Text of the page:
Once again these pages are dominated by the arrival of yet more new season English Apples, for which I make no apology due to the fact that apples is something this sceptered isle still does better than just about anywhere. Furthermore, declining sales of home-grown varieties means that many of them are in danger of dwindling out of existence altogether unless greater efforts are made in urging people to rediscover them. The Cox is arguably this country’s most celebrated apple, so it’s with enormous pleasure I’m able to announce their arrival in the market. The equally good news is that rather than encountering a few dribs and drabs scattered here and there about the place, there was instead what I can best describe as a very strong and widespread presence throughout the market’s hallowed halls. As one might expect, at this early stage in the season they were crisp, juicy and sweetly acidic. If this is how you like your apples, then now's the time to buy them. Over time they will become softer, mellower, less crunchy and more floury - which is not to be taken as a negative, but merely a description of what you should expect as they reach full maturity. That's what is so wonderful about the Cox, namely its evolution from a fairly brisk and extrovert fruit into something splendidly rich and self-effacingly affable. English Egremont Russet apples (pictured) possess brownish-green, rustic and rough-textured skins, whose flesh at this stage will be yielding, but nevertheless quite crunchy, slightly acidic and reminiscent of dry cider with elements of almond. As it matures, however, it too, in common with the Cox, will become softer, more floury and sweeter. Lastly, I’d like to mention a fairly obscure variety called Lord Lambourne, which was first cultivated in England in 1907 and shares many of the characteristics mentioned in relation to early season Cox (which it’s believed may be one of its primary ancestors), including an orange flush over pale-green skin and crisp, acidic flesh which has been described as “pleasantly strong”.
Brazilian Lychees are currently abundant and really rather lovely - if the examples I encountered in the market a couple of days ago are anything to go by. Indonesian Rambutans are just starting to appear, and for those of you unfamiliar with them, or for whom the name rings a bell but whose attributes remain elusive, they’re a fruit very similar in all respects (including texture and flavour) to the lychee, but encased in a reddish-brown porcupine-like, soft, spiny shell. Available in 500g punnets, these are a real eye-grabber, these, so would make a fantastic component in any fruit display or platter.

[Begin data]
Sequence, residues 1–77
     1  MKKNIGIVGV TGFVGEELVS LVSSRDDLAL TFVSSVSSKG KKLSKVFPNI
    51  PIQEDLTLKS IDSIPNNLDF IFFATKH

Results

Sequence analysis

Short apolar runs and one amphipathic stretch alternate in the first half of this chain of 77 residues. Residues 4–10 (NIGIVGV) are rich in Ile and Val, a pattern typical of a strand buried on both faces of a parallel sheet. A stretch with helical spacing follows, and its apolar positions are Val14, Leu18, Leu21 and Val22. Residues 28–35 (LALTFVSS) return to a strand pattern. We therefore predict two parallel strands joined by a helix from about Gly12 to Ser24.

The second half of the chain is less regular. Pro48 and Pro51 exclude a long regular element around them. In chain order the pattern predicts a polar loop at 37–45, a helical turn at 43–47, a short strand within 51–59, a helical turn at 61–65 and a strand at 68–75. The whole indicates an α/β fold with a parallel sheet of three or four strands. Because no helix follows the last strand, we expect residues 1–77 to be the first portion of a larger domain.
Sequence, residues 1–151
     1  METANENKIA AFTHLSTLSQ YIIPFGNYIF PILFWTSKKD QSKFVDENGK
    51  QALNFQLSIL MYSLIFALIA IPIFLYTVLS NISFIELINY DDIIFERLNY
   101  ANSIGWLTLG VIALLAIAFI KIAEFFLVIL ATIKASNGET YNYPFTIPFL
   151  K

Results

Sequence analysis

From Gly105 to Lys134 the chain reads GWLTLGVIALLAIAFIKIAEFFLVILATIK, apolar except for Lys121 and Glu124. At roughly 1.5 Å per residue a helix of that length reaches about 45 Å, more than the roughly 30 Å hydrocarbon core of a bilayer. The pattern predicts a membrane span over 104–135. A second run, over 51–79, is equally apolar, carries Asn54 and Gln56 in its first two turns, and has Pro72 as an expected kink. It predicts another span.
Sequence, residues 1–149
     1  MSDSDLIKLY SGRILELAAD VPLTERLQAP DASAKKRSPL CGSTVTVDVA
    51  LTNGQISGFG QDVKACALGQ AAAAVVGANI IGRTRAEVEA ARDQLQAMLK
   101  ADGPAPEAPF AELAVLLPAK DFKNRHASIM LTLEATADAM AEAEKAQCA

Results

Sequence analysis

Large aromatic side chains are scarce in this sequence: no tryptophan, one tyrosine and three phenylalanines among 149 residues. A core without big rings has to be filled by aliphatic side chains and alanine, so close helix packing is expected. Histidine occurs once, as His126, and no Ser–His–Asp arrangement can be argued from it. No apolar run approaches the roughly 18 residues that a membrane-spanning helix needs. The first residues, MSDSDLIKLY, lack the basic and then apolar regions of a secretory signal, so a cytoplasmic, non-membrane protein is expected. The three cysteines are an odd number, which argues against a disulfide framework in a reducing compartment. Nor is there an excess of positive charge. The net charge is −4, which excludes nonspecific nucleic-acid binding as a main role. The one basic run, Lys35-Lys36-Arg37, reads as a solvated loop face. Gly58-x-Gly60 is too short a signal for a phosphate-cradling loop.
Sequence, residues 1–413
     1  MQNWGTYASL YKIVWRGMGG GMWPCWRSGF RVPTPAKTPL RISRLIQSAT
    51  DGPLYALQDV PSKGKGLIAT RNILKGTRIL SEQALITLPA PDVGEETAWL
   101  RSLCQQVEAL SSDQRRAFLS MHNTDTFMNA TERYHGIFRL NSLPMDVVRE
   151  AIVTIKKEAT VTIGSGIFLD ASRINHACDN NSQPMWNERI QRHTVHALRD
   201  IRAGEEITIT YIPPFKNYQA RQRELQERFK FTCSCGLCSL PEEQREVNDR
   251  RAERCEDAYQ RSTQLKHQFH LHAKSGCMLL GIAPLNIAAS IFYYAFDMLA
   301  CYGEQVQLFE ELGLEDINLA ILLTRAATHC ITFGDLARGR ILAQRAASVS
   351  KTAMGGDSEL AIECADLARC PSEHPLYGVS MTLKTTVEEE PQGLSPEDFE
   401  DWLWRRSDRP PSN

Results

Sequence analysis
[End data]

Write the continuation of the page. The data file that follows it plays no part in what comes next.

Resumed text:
Wet Walnuts, unlike the ones we’re used to cracking open and delving into at Christmas, are newly harvested and therefore haven’t had time to dry-out and develop a hard shell during long periods of storage; instead, the shell is less brittle (although not exactly soft) and has a distinctly and permanently damp feel to it. The kernels themselves, being still young, are moist, tender and succulent, possessing a soft yet crunchy texture similar to pine nuts. One of autumn’s great delicacies, they’ve just arrived from France and are available now.
Barely a week since announcing the arrival of English Brussels Sprouts, I can this week herald the arrival of English Brussels Tops, which is noteworthy because it often takes several more weeks for them to follow in their wake. As their name suggests, Brussels Tops is the name given to the uppermost foliage which forms a leafy cluster at the end of the long stalk along whose length the Brussels Sprouts themselves are attached. Similar in composition to spring and winter greens but with thinner stems and shorter, rounder leaves, they possess a mild, kale-like flavour that’s much sweeter in comparison to the plant’s often bitter-tasting buds. They’re also very tender, so can be prepared, cooked and utilised very much like both spinach and pak choi.
Fruit of the Week
Yellow Fleshed Peach (France)
Ongoing Alert: Although there seems to be more English Radicchio in the market of late (and of very good quality, I might add), at the time of writing it nevertheless remains in short supply.
Ongoing Alert: Avocados are still experiencing market shortages and high prices as a consequence.
Iceberg Lettuce is in short supply due to the knock on effect of flooding a couple of months ago in the
Lancashire area where much of our supply is grown.
Spanish Apricots and Plums appear to be on their last legs, and it’s unlikely that Peaches and Nectarines will last the month. That isn’t to say they’ll necessarily no longer be available, but the quality will have declined to the extent whereby they’ll no longer be worth the money.
Despite them being more abundant this week compared to last week, the market availability of Paw Paw remains tight.
Also mentioned overleaf, English fresh Broad Beans have now finished. Spanish imports should be along fairly soon.
English Corn-On-The-Cob’s days are numbered, but at present they’re abundant and cheap enough to justify giving them a try - but don’t leave it too much longer.
At the time of writing, the market availability of both English Strawberries and Raspberries was a bit tight.
Quality of both is still good enough to avoid having to change supply to Dutch imports, but this is being assessed daily.